Bryant put up 5,546 attempts beyond the arc. Curry has launched 4,178.
Because Curry’s feat came in a loss to the Bulls last Thursday night in Chicago, the postgame conversations centered on the challenges facing the post-Durant Warriors and the snapping of their record streak of 146 games without back-to-back losses.
Chew on this: Curry, 28 years old and in his eighth year has moved up nine spots through the first four months of the season. He is sixth on the list among active players, and the five ahead of him are at least 35 years old.
Step aside, Kobe. Make room for Steph. But keep it hush-hush. – by Monte Poole
Spurs, Popovich reach another historic milestone
Because of their consistency, milestones for the San Antonio Spurs are often missed, overlooked or ignored.
But this latest one may be the most impressive of them all.
San Antonio’s recent win over the Minnesota Timberwolves secured them a playoff spot.
That in itself isn’t that big a deal.
But then you realize, it’s the 20th straight season that they have qualified for the playoffs.
They become just one of three franchises ever to reach the postseason 20 or more consecutive years.
San Antonio tied the Utah Jazz (1984-2003) and are now just one behind the Portland Trail Blazers (1983-2003). In addition, Gregg Popovich has led the Spurs to 20 straight postseason appearances which ties the record set by Phil Jackson (1990-2011). – by A. Sherrod Blakely
Blazers' Ezeli out for '17... and '18 as well?
Portland Trail Blazers center Festus Ezeli will remain out for the rest of this season and could potentially be sidelined for the 2017-2018 season as well.
The 6-foot-11 center is scheduled to undergo a surgical procedure on his left knee next week that will involve the use of a cadaver donor, league sources told ESPN.com.
Ezeli’s surgery officially ends any hopes that he would return this season in what would have been the first year of the two-year, $15.2 million contract he signed last summer.
While the recovery time is unknown currently, a source told ESPN.com that the recovery process could take up to a year.
Knee issues have plagued Ezeli even before he arrived in Portland. During his four seasons with the Golden State Warriors, Ezeli had surgical procedures performed on both knees. – by A. Sherrod Blakely
Boston second-best team in the East?
The record says that the Boston Celtics (40-23) are the next best thing in the East to Cleveland.
But is that really true?
An argument can be made that while the Celtics are playing good basketball, it’s more of a free-for-all in determining who the next best team in the East is.
Boston, along with Washington, Toronto and Atlanta comprise the only teams that have a stake in being number two in the East.
When you go through how those teams have fared against one another this season and Cleveland, the Celtics are at the end of the pack with a 4-8 record although the Celtics certainly helped its cause in their 103-99 win over the Cavs recently. Among the aforementioned teams, Toronto has a 6-6 record followed by the Wizards at 5-6 and the Hawks at 4-5.
For Boston, their best hope of securing that number two spot is to ensure that it doesn’t come down to a tie-breaker. They’ve already lost the season series to Toronto three games to one, and can’t afford to lose any more ground to teams that are fighting to be where they are right now. – by A. Sherrod Blakely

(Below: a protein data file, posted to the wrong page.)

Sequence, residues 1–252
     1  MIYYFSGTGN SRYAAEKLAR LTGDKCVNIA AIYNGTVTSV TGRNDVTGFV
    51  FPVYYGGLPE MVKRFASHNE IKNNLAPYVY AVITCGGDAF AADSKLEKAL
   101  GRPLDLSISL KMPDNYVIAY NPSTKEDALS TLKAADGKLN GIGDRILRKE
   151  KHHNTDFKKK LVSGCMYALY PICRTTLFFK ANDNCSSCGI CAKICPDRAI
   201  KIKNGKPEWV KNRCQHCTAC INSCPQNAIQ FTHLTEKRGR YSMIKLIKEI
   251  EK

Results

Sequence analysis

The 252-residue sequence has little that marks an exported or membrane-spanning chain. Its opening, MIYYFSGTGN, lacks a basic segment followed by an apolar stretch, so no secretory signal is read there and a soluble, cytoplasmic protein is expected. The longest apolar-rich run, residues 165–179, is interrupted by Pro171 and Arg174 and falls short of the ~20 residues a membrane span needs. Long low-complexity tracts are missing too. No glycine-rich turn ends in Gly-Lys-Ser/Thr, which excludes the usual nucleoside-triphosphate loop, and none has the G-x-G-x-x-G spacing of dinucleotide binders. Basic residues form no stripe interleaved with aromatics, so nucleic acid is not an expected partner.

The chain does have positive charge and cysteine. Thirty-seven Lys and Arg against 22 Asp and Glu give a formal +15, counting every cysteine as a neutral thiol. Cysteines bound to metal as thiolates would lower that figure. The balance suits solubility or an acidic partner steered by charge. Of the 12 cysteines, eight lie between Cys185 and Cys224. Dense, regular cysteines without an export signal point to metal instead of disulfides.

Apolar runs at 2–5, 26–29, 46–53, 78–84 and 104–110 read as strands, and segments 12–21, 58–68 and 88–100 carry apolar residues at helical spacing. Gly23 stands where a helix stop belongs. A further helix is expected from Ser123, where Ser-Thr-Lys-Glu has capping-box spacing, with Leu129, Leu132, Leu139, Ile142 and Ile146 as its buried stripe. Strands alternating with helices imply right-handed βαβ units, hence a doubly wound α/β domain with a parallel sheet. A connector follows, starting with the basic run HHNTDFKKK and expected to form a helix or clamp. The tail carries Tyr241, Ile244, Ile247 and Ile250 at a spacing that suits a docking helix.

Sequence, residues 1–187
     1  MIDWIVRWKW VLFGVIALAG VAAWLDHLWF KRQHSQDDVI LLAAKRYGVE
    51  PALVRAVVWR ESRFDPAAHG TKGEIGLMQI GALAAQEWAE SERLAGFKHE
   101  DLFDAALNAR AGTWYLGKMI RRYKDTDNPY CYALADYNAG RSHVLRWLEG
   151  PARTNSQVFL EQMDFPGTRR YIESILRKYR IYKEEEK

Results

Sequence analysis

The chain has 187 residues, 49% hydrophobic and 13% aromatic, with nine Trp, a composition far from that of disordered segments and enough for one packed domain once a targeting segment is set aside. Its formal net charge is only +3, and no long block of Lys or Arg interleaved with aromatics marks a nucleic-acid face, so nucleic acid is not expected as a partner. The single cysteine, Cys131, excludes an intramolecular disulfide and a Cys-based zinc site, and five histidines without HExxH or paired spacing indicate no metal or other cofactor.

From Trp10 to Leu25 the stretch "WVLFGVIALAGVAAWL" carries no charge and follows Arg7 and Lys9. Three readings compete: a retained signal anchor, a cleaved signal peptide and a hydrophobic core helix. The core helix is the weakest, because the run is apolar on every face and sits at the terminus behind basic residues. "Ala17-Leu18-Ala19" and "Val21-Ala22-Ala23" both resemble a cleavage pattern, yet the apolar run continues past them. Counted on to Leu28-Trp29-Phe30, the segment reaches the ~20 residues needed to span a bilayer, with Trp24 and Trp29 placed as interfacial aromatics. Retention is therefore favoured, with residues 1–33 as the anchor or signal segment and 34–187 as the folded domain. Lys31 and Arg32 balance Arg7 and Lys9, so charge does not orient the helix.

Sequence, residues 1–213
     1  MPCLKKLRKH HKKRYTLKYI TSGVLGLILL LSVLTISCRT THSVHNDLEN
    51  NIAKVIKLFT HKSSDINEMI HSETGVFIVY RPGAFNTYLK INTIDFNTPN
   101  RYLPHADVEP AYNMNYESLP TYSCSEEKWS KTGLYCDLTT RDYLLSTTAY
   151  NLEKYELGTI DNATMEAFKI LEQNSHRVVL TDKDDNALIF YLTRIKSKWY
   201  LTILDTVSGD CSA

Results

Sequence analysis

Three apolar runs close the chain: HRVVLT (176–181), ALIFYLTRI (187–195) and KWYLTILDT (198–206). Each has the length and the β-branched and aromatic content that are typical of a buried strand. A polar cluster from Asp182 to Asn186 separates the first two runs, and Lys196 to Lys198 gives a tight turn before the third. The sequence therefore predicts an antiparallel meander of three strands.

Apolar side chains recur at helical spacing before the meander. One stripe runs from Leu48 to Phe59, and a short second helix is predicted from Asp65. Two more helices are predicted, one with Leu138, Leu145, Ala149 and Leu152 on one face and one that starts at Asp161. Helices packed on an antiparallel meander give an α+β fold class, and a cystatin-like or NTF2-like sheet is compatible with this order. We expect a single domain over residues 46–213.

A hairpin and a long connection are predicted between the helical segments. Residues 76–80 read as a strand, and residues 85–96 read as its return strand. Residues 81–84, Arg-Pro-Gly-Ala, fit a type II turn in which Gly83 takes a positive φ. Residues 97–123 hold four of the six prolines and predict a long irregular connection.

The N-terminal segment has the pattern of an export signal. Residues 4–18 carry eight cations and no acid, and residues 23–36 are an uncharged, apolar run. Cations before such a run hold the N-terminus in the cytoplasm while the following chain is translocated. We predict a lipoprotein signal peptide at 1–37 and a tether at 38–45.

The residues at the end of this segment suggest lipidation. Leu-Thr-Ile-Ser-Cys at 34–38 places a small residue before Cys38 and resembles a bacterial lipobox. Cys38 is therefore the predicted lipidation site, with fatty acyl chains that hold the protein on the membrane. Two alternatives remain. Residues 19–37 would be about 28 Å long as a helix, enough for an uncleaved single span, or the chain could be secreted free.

Chi-town still has love for D-Rose
Derrick Rose is gone but far from forgotten by Chicago Bulls fans. Newly acquired Anthony Morrow found this out the hard way.
Shortly after being traded to Chicago from Oklahoma City, Morrow was given jersey number one – not knowing at the time that it used to belong to Rose, the former league MVP who now plays for the New York Knicks.
Morrow found out just how beloved Rose still is, with the backlash against him being immediate.
He soon issued an apology to fans via Twitter, and changed his number to 11.
Bulls guard Michael Carter-Williams (he now wears jersey number 7) went through something similar to that when he arrived in the Windy City. And like Morrow, he changed his number as well. – by A. Sherrod Blakely
Scola available; so far, no takers
If Luis Scola wanted to compete in the playoffs, it wasn’t going to happen in Brooklyn.
The Nets waived Scola so he could seek out that opportunity. They made the transaction ahead of the March. 1 deadline to sign with another team and be postseason-eligible.
The team believed the veteran “deserved the opportunity to contribute to a playoff contender,” said general manager Sean Marks.
Scola wasn’t seeing much playing time on the Nets, only two games in the month of February. He has appeared in 48 games over four postseasons. – by Jessica Camerato
Bucks add Jones
When the New Orleans Pelicans waived Terrence Jones after trading for DeMarcus Cousins, you figured it was a matter of when – not if – Jones would be picked up.
In came the Milwaukee Bucks, a franchise looking to find some kind of spark to jumpstart their fading hopes of getting to the playoffs this season.
At 6-foot-9, 252 pounds, Jones gives the Bucks some beef up front for a team with a frontcourt that has been long on length but short on bangers around the paint.
Jones is a fifth-year veteran who had solid numbers with the Pelicans, but both he and the franchise knew the addition of Cousins meant his role would be reduced dramatically.
With New Orleans this season, he averaged 11.5 points and 5.9 rebounds per game.
A free agent this summer, the 25-year-old Jones was a player that the Bucks were going to give some thought to pursuing.
So in picking him up off waivers, they essentially get a test run with a player that they have interest in, without having to commit to long term. – by A. Sherrod Blakely